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J Biol Chem. 1985 Nov 25;260(27):14428-30.

Pertussis toxin-catalyzed ADP-ribosylation of transducin. Cysteine 347 is the ADP-ribose acceptor site.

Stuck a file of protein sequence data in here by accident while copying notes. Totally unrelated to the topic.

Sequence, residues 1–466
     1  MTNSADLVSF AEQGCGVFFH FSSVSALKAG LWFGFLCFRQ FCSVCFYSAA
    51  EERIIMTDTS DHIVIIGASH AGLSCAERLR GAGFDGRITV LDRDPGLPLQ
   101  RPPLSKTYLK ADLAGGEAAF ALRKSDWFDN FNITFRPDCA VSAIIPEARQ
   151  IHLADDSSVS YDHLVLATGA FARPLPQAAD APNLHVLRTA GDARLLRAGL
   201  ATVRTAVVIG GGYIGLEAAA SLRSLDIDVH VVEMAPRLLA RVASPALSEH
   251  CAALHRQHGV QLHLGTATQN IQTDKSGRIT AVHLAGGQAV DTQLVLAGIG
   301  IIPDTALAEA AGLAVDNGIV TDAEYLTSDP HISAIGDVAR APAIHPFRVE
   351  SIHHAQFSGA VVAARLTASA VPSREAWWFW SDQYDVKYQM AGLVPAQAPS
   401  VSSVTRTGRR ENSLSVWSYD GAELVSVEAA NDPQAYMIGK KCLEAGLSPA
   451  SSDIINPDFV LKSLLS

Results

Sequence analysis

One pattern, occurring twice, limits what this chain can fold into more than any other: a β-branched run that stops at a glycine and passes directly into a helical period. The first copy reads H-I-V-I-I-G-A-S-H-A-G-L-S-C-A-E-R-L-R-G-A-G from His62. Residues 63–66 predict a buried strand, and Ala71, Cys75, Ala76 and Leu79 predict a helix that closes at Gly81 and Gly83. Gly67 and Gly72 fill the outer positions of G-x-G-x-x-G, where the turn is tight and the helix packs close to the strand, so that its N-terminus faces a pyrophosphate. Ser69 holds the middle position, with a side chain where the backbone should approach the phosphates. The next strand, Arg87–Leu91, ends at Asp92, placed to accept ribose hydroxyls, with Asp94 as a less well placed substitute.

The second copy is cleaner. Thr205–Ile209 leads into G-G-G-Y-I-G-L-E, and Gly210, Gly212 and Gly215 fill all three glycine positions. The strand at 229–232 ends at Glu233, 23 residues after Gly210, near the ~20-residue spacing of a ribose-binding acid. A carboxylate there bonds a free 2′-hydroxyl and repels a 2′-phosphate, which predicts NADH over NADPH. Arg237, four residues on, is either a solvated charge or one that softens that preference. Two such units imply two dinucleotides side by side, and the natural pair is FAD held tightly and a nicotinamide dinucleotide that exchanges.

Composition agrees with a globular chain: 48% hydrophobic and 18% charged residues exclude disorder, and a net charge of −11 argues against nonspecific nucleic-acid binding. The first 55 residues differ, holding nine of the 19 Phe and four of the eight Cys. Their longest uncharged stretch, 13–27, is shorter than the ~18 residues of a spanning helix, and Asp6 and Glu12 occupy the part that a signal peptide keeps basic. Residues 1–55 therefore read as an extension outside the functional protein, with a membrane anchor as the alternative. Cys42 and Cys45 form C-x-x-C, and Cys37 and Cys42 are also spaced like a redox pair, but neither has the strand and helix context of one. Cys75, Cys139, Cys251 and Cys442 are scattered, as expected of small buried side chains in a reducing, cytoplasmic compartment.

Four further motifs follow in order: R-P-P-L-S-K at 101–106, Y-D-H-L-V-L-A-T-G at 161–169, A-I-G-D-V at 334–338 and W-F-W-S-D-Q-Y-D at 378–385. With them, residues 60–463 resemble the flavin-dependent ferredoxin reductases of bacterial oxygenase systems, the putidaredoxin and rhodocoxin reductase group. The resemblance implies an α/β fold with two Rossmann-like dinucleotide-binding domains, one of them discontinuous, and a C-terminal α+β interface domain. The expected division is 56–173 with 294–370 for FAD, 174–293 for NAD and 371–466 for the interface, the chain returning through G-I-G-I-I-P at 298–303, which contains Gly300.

Pertussis toxin catalyzes the transfer of ADP-ribose from NAD to the guanine nucleotide-binding regulatory proteins Gi, Go, and transducin. Based on a partial amino acid sequence for a tryptic peptide of ADP-ribosylated transducin, asparagine had been characterized as the site of pertussis toxin-catalyzed ADP-ribosylation. Subsequently, cDNA data for the alpha subunit of transducin indicated that the putative asparagine residue was, in fact, not present in the protein. To determine the amino acid that served as the ADP-ribose acceptor, radiolabel from [adenine-U-14C]NAD was incorporated, in the presence of pertussis toxin, into the alpha subunit of transducin (0.3 mol/mol). An ADP-ribosylated, tryptic peptide was purified and fully sequenced by automated Edman degradation. The amino acid sequence, Glu-Asn 343-Leu-Lys-Asp 346-X-Gly 348-Leu-Phe, corresponds to the cDNA sequence coding the carboxyl-terminal nonapeptide, Glu 342-Phe 350, which includes by cDNA sequence cysteine at position 347. Neither Asn 343 nor Asp 346 appeared to be modified; residue 347 adhered to the sequencing resin. Cysteine, the missing residue, was eluted from the sequencing resin with acetic acid along with 76% of the peptide-associated radioactivity, half of which, presumably ADP-ribosylcysteine, eluted from an anion exchange column between NAD and ADP-ribose; the other half had a retention time corresponding to 5'-AMP. We conclude that Cys 347 and not Asn 343 or Asp 346 is the site of pertusis toxin-catalyzed ADP-ribosylation in transducin.

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